What is Obsolete Inventory?
How Does Obsolete Inventory Work?
For example, consider Company XYZ, a cheese manufacturer. Company XYZ makes a batch of 1,000 wheels of cheese that are no longer edible after December 31. Company XYZ is able to sell 750 wheels of the batch, but the other 250 are sitting in the warehouse. December 31 comes, and the cheese is no longer sellable. It is obsolete inventory.
Generally accepted accounting principles (GAAP) require companies to write off obsolete inventory as soon as it is identified. Physically, the company can still attempt to sell the products at a substantial discount (though in this example, that would probably be illegal), sell them as replacement parts or donate them to charity. In most cases, the company might choose to discard the products or sell them at scrap prices.
Why Does Obsolete Inventory Matter?
Accounting rules require companies to establish a reserve account for obsolete inventory on their balance sheets and expense their obsolete inventory as they dispose of it, which reduces profits. Thus, obsolete inventory can create huge losses.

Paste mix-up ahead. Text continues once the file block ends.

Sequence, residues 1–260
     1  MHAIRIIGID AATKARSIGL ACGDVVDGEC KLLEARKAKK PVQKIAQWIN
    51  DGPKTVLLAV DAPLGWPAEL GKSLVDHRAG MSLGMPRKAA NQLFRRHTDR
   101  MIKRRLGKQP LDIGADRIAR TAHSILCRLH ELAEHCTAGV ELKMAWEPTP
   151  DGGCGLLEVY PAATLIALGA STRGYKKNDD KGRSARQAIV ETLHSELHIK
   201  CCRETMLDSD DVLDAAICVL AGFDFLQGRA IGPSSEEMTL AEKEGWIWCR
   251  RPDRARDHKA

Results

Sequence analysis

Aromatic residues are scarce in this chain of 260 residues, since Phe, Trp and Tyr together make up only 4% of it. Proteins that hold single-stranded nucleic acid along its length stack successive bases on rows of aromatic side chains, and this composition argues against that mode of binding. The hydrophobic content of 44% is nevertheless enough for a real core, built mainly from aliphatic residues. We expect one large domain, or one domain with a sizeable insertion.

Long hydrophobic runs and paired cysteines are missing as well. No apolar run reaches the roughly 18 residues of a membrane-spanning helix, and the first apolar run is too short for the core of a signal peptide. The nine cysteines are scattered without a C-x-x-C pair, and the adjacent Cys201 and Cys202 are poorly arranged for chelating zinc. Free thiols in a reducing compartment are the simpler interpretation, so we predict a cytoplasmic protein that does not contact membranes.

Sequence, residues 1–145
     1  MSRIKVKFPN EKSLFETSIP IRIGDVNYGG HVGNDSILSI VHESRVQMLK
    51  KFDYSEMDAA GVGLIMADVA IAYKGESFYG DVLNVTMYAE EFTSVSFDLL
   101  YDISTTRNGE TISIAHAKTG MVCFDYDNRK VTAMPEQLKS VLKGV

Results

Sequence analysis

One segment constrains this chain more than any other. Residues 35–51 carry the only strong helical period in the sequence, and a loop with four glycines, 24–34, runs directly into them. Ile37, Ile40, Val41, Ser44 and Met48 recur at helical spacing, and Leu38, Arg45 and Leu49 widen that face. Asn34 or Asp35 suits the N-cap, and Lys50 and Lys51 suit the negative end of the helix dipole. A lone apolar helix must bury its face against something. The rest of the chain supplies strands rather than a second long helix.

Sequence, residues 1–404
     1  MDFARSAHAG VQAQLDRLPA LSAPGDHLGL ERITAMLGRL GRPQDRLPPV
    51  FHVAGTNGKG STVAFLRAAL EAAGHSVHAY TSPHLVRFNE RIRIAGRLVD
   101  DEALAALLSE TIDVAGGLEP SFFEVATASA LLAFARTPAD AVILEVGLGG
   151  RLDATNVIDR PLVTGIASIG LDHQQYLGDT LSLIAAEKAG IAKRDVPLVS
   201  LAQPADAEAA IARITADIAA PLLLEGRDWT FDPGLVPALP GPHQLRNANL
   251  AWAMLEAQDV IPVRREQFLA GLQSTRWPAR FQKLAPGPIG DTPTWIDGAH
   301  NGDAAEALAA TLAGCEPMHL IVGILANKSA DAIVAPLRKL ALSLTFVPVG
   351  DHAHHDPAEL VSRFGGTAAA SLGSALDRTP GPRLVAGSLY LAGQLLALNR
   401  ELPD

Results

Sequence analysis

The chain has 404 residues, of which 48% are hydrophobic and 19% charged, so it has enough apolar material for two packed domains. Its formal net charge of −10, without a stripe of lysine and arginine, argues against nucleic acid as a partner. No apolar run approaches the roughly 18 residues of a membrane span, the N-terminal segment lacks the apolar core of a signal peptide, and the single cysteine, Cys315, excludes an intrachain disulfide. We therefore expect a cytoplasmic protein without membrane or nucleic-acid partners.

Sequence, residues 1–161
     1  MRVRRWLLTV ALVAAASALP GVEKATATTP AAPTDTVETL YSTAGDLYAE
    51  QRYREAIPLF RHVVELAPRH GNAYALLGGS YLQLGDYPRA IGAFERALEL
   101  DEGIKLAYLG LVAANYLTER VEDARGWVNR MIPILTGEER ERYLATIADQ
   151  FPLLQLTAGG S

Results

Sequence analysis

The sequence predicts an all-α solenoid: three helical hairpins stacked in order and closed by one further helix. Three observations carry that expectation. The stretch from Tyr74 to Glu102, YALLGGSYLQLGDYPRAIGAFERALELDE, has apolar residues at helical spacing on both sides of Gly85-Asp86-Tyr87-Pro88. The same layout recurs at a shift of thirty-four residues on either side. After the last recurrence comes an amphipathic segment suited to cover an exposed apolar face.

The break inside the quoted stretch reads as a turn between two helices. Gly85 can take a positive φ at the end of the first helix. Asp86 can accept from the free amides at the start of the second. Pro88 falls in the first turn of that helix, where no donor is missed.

In a more intuitive sense, obsolete inventory is a sign that a company may have "fallen behind the times," because the demand for its one or more of its products has clearly fallen. Alternatively, obsolete inventory might also indicate poor management practices, in that companies may have ordered or manufactured too much of a product due to poor sales forecasting methods, poor inventory management, inflexible operations or too much wishful thinking.